IN THE INTEREST OF J.R. and D.R., Minor Children, J.R., Mother, Appellant, R.R., Father, Appellant.
from the Iowa District Court for Warren County, Brendan
Greiner, District Associate Judge.
mother and father appeal the termination of their parental
M. Elcock of Elcock Law Firm, PLC, Indianola, for appellant
D. Lubinus of Lubinus & Merrill, P.L.C., Des Moines, for
J. Miller, Attorney General, and Anna T. Stoeffler (until
withdrawal) and Mary A. Triick, Assistant Attorneys General,
for appellee State.
Kathryn Miller of Juvenile Public Defender Office, Des
Moines, attorney and guardian ad litem for minor children.
Considered by Doyle, P.J., and Tabor and Schumacher, JJ.
mother and father separately appeal the termination of their
parental rights. Upon our de novo review, we affirm on both
Background Facts and Proceedings.
the mother and R.R. is the father of J.R., born in 2004, and
D.R., born in 2005. In June 2017, the children were removed
from the parents' care after the family home was found to
be inhabitable; it was also alleged the parents were using
methamphetamine. The children were placed in the custody of
their adult half-brother under the supervision of the Iowa
Department of Human Services (DHS). The children were
adjudicated as children in need of assistance (CINA), and
services for reunification of the family were offered to each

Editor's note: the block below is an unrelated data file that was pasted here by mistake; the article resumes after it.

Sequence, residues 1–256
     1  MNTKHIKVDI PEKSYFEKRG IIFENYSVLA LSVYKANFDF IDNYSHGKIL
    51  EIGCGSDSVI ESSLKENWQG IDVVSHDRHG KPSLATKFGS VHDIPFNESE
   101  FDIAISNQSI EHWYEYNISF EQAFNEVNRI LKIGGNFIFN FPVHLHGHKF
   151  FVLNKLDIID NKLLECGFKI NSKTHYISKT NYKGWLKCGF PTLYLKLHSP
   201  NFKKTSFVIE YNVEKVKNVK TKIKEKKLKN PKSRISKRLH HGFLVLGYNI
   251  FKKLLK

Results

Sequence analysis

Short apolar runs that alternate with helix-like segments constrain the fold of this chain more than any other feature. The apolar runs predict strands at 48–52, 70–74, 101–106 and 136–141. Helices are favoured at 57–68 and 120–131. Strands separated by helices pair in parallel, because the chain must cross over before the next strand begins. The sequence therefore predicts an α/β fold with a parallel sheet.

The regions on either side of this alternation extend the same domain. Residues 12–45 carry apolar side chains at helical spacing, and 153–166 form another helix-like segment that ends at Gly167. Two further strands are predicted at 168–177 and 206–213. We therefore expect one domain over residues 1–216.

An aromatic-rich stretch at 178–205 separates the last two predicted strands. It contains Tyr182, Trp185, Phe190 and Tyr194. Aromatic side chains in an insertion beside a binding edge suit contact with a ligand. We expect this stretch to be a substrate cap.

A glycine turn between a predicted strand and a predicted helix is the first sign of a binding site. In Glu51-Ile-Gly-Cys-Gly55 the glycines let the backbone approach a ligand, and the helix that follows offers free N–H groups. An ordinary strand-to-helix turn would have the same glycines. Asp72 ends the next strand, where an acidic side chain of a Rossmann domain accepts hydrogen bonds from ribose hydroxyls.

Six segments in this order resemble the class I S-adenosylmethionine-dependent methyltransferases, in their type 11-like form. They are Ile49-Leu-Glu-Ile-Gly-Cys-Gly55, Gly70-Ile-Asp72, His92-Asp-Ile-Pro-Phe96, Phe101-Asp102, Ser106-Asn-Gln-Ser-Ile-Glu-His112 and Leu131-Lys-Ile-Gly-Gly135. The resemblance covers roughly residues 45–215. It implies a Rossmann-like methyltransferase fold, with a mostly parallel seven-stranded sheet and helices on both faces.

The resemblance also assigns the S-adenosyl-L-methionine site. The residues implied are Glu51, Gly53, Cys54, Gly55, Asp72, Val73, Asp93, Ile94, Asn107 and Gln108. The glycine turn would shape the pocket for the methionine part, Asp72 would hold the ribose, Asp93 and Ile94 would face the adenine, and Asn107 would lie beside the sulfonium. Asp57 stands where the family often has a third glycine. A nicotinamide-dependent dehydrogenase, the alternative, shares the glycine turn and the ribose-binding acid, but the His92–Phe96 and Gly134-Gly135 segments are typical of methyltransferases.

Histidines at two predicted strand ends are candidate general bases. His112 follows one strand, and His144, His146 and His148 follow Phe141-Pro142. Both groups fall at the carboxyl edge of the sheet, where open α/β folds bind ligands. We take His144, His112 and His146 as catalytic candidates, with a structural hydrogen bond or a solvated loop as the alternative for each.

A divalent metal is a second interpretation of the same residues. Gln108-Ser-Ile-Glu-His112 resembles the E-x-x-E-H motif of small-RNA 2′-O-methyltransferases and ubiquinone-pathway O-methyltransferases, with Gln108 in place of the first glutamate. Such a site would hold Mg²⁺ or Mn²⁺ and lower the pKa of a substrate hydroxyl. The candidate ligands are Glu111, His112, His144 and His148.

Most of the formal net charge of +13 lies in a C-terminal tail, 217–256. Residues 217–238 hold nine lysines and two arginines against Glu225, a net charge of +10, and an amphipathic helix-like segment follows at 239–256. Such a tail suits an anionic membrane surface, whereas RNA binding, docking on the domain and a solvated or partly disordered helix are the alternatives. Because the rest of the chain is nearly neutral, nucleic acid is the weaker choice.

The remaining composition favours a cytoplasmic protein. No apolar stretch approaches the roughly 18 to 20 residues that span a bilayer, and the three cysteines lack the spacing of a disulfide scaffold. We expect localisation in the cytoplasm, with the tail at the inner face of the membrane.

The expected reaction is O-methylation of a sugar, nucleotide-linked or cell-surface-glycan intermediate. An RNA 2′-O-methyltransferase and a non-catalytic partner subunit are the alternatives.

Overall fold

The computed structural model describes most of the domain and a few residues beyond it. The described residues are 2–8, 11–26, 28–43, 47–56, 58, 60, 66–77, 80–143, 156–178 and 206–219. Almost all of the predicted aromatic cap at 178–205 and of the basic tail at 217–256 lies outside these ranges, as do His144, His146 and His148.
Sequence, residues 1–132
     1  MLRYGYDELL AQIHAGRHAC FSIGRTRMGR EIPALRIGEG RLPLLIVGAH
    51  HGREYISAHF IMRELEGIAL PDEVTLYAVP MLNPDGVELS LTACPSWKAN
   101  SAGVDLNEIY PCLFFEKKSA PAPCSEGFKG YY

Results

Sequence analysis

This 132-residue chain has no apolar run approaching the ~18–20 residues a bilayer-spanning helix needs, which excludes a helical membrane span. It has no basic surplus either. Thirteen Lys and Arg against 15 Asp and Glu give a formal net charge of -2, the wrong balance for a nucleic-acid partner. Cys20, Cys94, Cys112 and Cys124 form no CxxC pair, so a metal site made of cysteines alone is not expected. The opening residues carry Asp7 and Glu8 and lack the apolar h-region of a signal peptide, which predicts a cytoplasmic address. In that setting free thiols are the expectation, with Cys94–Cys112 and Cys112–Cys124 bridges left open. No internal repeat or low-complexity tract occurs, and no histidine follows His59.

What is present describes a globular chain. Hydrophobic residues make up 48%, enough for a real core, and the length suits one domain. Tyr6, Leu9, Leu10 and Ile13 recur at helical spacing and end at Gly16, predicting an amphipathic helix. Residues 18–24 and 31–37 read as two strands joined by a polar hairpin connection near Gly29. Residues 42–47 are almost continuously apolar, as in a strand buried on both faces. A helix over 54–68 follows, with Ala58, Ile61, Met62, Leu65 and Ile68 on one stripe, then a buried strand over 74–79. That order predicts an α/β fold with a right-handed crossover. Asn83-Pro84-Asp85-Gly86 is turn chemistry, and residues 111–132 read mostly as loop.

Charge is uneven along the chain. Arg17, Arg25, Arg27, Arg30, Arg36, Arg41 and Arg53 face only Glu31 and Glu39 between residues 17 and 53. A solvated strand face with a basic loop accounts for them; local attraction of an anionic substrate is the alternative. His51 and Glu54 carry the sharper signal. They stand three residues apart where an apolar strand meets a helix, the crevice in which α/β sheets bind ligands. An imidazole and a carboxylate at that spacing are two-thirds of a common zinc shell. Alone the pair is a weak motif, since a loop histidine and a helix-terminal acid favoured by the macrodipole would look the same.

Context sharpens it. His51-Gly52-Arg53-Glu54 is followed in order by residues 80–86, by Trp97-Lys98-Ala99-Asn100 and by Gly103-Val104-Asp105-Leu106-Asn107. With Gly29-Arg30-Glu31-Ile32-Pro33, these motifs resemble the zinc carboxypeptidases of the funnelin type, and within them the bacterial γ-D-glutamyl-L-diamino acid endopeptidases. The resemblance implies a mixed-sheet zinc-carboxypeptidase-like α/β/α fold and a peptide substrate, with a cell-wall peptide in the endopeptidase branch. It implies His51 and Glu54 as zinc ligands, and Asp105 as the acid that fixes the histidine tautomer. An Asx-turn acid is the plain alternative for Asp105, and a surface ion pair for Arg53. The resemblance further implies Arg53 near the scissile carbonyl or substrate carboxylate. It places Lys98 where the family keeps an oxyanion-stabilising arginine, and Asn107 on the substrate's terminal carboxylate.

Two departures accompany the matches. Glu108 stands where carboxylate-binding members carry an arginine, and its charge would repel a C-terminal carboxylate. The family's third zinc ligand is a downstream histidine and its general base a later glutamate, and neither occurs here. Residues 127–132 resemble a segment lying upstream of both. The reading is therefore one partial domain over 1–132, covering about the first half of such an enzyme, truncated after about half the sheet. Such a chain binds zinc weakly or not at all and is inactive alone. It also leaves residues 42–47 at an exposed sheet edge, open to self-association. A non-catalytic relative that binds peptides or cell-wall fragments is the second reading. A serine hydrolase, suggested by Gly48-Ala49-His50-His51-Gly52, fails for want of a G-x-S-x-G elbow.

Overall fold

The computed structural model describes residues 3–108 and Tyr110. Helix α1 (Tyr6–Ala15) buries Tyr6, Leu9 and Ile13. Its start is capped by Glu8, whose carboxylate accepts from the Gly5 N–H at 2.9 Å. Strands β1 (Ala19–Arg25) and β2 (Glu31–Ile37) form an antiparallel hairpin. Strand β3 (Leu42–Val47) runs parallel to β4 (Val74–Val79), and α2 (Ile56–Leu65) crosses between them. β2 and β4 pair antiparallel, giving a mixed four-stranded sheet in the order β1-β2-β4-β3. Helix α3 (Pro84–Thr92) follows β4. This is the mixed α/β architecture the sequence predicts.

parent. The parents were directed that each parent would
"need to address substance use as evidenced by
[engagement] with [appropriate] mental health and substance
abuse treatment" before the DHS could recommend the
children be returned to the parents' care. The parents
were advised each would need to learn and show "age
appropriate parenting with problem solving and communication
methods needed to keep the children safe and meet their
needs," which they would show by "modeling these
skills in front of the children."
permanency review hearing took place on July 6, 2018, under
Iowa Code section 232.104 (2018). Before a permanency order
was entered, the children's attorney and guardian ad
litem on September 14, 2018, filed a motion requesting that
visitation between the parents and children be suspended. The
motion stated the parents' behavior had "become so
erratic, hostile, and out of control" the children did
not want to have contact with the parents until they could
show their visits would be positive. One of the children
reported the mother came to the child's place of
employment and made a scene noted by the child's
employer. The parents had also been asked not to come to the
guardian's home but continued to do so. The parents
reported to the DHS the guardian and his spouse had tried to
run the parents off the road, but the children, their
guardian, and his spouse all denied this happened.
September 20, 2018, a hearing on the children's motion to
suspend visitation was held. The children testified at the
hearing. Among other testimony, one child testified it was
his preference that the parents not come to his football
games; it made him "a little bit anxious to wonder what
they might do when [he's] there at the game." Though
there had been no issues with his parents at his games
before, the child did not think having them there